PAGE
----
“You’ll have a third of Americans living in states where it's legal,” he said. “That kind of thing can force Congress to act. There could be an avenue to pass it through [following the election]."
Getting People Out to Vote
The Cannabis Voter Project works to get people out to vote regardless of their stance or beliefs on the issue of cannabis legalization.
By engaging people on the issue, HeadCount is able to get people to register to vote, make a plan to vote, and talk to their friends and family about voting, D’Arcangelo said.
“We’re an organization that wants to turn people into active citizens,” he said. “This issue resonates really strongly with young people who tend to be apathetic about politics.”
Voter registration is HeadCount’s main focus. When there isn't a pandemic, the organization sends volunteers to live music events to engage with and register attendees. Over the years, they’ve teamed up with hundreds of artists who have used their platforms to get people registered to vote.
The Cannabis Voter Project takes a similar approach. It partners with brands in the cannabis space to get their followers registered to vote by sending out emails, texts, and distributing information on how to vote.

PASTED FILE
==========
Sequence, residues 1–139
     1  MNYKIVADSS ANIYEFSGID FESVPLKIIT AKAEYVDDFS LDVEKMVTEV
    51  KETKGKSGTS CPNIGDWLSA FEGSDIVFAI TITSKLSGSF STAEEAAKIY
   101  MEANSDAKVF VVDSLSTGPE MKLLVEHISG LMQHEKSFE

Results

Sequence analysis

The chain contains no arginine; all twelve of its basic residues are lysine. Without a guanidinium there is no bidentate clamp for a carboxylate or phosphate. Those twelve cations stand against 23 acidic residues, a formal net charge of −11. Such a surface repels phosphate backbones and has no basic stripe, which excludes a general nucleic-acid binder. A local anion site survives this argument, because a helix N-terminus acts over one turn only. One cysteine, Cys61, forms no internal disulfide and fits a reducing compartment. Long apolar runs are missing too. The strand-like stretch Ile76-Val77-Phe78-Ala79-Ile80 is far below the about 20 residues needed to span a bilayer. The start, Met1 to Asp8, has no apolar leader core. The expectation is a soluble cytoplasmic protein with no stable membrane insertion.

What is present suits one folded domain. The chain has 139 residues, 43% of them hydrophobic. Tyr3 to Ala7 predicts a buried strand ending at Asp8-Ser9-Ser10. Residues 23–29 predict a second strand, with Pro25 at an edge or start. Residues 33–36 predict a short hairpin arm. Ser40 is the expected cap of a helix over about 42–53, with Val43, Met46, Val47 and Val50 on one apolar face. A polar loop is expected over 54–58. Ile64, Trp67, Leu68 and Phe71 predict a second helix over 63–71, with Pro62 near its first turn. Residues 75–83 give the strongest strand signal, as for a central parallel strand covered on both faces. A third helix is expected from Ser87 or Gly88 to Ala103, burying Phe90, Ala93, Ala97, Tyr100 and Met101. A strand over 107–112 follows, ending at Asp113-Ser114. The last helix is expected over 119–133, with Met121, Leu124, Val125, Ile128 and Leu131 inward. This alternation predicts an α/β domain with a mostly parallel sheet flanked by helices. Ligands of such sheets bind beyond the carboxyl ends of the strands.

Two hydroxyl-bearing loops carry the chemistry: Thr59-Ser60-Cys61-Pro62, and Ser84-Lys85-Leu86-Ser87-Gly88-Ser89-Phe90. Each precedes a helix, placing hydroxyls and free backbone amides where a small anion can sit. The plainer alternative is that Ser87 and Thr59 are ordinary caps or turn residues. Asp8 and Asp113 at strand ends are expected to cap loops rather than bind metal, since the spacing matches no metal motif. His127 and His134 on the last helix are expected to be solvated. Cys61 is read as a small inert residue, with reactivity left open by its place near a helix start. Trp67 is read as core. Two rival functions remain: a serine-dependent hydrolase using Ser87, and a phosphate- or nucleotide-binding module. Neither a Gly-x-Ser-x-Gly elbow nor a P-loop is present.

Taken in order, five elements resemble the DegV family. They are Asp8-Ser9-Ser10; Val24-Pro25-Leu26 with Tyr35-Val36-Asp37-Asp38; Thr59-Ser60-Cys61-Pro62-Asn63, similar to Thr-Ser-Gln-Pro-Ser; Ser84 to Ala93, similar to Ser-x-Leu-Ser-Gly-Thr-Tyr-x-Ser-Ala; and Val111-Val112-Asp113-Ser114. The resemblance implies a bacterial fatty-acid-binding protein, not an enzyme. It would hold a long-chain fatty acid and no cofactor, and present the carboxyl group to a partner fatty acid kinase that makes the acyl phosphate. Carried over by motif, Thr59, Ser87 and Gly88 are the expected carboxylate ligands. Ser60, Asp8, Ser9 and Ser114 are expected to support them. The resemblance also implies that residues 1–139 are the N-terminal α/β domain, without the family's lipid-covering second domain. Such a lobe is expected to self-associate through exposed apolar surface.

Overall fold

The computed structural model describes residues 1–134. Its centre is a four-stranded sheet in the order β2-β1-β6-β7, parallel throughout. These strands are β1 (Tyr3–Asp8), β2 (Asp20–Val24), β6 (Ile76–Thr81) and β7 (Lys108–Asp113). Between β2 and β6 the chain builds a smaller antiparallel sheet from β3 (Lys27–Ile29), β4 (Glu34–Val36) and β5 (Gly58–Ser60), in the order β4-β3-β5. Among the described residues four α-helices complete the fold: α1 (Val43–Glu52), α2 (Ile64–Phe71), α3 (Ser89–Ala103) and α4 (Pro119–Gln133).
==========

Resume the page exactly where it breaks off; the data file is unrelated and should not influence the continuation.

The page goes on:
This year, it's ramped up its digital outreach efforts because of COVID-19.
“We’re doing peer-to-peer texting in states where cannabis is on the ballot, primarily targeting young voters who are more likely to be interested in the issue,” he said. “We’re informing them about the candidates on the ballot, walking them through the process of voting by mail and voting early, and sending them information.”
D’Arcangelo said that they target two broad groups: high propensity voters — those who are more likely to go out and vote — and low propensity voters.
“For high propensity voters, we let them know about the initiatives, and get them to tell their friends and families to participate in the election,” he said. “For low propensity, it’s a straight get out the vote [message]. We try to use this as a hook to get them to the polls to become a voter. We’re really hoping to reach people who are non-voters and unlikely voters.”
Disclaimer: As a nonpartisan organization, Global Citizen does not support or endorse any specific cannabis policy positions, legislation, candidates, or political parties.